The coronavirus pandemic made many Americans rethink where they live. With record-low mortgage rates, is now the time to move?
When COVID-19 began to spread through communities most people knew that there would be many changes to how people managed to go about their daily life and work. This was true for realtors, where hand shaking and hugs were part of the excitement of closing on the homes. Pittsburg was no exception to the impact of COVID-19.
As for the buyers themselves, the way they went to look for a new home changed too. The use of technology and limits on the number of people allowed to tour the homes has become commonplace.
Local realtors shared the trends that began because of the pandemic. Brian Jones and Monica Angeles of Jones Heritage, Realtors said they are doing selective showings only to clients that are prequalified.
“This has always been something we strive to do, but many times, we go ahead and initially show a customer in hopes we can educate them about getting prequalified,” Angeles said.
They are also putting more emphasis on virtual tours, which include a 3D tour thanks to the help of a local company with Matterport capabilities, Multiple Listing Service (MLS) virtual tours and live or Zoom house showings.
“Real estate is a relationship business,” Angeles said. “Some of these changes will enhance how we do our job (virtual tours, 3D tours, in-office closings), but at the end of the day, people want to be present to personally look in every nook and cranny of a home, shake your hand at closing and take pictures with you when they get their keys.
“That is my favorite part of the job so I hope that stands the test of time. I would love to see title companies be able to do virtual closings with the buyer signing electronically with it being witnessed, like a virtual notary.”
Other trends include less in-person documentation during closings, more in-office closings rather than visiting the buyer or sellers wherever convenient, and limiting showings to the buyers instead of their extended families and friends. Gloves, masks and sanitation wipes have also been incorporated.
It’s more than just social distancing. According to a recent report, more than 26 million people in the United States have filed for unemployment before the end of April.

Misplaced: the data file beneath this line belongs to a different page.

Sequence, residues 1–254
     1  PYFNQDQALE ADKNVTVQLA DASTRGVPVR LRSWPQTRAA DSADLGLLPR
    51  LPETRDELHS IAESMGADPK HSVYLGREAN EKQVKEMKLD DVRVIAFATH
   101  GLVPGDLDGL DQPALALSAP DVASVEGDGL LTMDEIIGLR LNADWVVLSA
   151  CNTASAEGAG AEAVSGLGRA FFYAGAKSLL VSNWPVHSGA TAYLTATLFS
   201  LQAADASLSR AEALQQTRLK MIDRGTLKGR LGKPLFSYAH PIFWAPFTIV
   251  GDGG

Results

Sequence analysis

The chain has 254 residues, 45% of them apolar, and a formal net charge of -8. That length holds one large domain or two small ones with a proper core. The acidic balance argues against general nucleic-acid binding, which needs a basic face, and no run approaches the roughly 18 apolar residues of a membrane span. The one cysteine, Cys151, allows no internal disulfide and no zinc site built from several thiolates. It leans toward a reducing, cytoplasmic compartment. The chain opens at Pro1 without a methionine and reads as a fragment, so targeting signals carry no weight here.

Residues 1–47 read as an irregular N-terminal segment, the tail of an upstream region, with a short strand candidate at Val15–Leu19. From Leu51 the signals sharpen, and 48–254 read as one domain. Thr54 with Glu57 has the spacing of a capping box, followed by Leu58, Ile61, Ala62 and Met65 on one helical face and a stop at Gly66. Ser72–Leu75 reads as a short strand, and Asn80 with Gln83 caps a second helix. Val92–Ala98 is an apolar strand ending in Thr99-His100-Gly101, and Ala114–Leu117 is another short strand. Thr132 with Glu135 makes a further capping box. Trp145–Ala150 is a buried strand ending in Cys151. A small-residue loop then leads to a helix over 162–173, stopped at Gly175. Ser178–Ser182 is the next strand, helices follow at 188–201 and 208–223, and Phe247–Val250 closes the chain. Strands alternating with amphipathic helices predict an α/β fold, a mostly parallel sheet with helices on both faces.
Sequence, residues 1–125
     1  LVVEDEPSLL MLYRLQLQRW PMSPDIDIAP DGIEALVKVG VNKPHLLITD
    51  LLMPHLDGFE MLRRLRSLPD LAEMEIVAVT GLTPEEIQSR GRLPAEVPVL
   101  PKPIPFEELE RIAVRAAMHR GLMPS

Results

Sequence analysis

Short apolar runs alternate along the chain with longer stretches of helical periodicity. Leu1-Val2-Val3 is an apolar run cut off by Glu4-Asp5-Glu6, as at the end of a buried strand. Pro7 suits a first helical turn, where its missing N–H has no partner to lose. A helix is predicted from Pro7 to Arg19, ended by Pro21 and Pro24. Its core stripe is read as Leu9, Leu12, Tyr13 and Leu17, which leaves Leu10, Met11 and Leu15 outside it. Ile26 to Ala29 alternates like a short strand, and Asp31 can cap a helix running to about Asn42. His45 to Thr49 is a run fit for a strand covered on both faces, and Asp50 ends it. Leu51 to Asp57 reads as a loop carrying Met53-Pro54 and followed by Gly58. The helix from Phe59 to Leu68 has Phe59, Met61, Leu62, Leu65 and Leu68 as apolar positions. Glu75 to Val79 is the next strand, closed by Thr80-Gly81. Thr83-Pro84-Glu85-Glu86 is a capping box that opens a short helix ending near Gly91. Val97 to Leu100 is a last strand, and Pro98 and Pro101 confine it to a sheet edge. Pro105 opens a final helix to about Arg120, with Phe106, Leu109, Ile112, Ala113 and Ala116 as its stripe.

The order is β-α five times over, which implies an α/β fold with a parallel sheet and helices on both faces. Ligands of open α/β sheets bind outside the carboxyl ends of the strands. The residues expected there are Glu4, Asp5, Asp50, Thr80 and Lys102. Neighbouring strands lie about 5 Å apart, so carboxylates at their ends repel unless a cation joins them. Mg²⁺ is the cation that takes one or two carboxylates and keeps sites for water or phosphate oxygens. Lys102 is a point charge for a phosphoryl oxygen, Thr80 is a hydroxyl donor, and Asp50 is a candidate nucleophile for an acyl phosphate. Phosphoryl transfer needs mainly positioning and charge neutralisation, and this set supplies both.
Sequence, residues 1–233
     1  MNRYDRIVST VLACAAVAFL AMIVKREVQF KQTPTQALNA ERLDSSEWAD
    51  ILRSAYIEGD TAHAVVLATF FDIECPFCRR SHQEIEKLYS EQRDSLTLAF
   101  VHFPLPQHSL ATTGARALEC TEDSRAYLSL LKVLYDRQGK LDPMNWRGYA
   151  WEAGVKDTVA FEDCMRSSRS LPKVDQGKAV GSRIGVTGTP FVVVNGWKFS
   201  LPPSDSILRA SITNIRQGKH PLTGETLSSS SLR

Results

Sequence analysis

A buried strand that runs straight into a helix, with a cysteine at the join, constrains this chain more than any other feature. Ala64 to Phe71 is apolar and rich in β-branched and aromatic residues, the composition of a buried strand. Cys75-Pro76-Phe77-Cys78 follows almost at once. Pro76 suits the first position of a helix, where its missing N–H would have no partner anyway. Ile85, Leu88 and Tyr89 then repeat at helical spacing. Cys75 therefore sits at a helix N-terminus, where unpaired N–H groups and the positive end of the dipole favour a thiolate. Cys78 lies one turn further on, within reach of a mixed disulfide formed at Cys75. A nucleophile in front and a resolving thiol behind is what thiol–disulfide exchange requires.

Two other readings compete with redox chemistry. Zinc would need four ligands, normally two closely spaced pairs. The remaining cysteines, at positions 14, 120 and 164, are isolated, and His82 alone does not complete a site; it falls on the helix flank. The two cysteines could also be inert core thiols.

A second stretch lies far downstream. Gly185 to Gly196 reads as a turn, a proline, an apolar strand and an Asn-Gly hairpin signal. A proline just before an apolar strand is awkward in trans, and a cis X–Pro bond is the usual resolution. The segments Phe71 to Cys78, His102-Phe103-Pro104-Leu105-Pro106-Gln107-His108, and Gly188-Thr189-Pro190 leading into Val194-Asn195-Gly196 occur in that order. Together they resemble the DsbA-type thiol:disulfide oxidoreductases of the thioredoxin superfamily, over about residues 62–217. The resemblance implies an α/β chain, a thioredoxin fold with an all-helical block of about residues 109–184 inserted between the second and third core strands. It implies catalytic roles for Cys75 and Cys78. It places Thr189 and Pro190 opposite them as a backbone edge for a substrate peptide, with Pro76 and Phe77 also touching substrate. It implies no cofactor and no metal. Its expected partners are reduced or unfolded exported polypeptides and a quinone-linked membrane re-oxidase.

Local furloughs have affected people who just bought a home or were in the market to do so, the realtors said.
“Some buyers that were pre-approved were no longer able to purchase because they were furloughed,” Jones said. “Some buyers got nervous and canceled the contracts they had just started because they weren't sure what was going to be happening. Some sellers decided to wait to list their home because they didn't want to take the risk.”
Inventory is also down, Brian said, adding that this is mostly because sellers are afraid to put their property in the market.
“Because of that, some houses that have been on the market for a while are now getting activity and in some instances new listings have received multiple offers,” he said. “I do expect there will be some foreclosures after this is done. Although homeowners have been given a 3-month forbearance on making their mortgage payments, some of them will continue to struggle after we completely reopen and possibly not be able to make their payments.”
Timothy Kundiger, broker and agent of Timepiece Realestate, said that more buyers are “being pushed towards specialty loans where they can put little to nothing down,” regardless if they can afford “typical loans.”
Kundinger encouraged people to think about their financials when choosing a loan and home, adding that “we need to get back to a sustainable lending system and people being responsible for their decisions.”
“It is only a matter of time before the next local issue becomes global and we feel the pinch again,” he said. “I hope that people will have learned something during this period in time and remember it the next time some lender pushes them to buy at the top of their income with money they don't have.”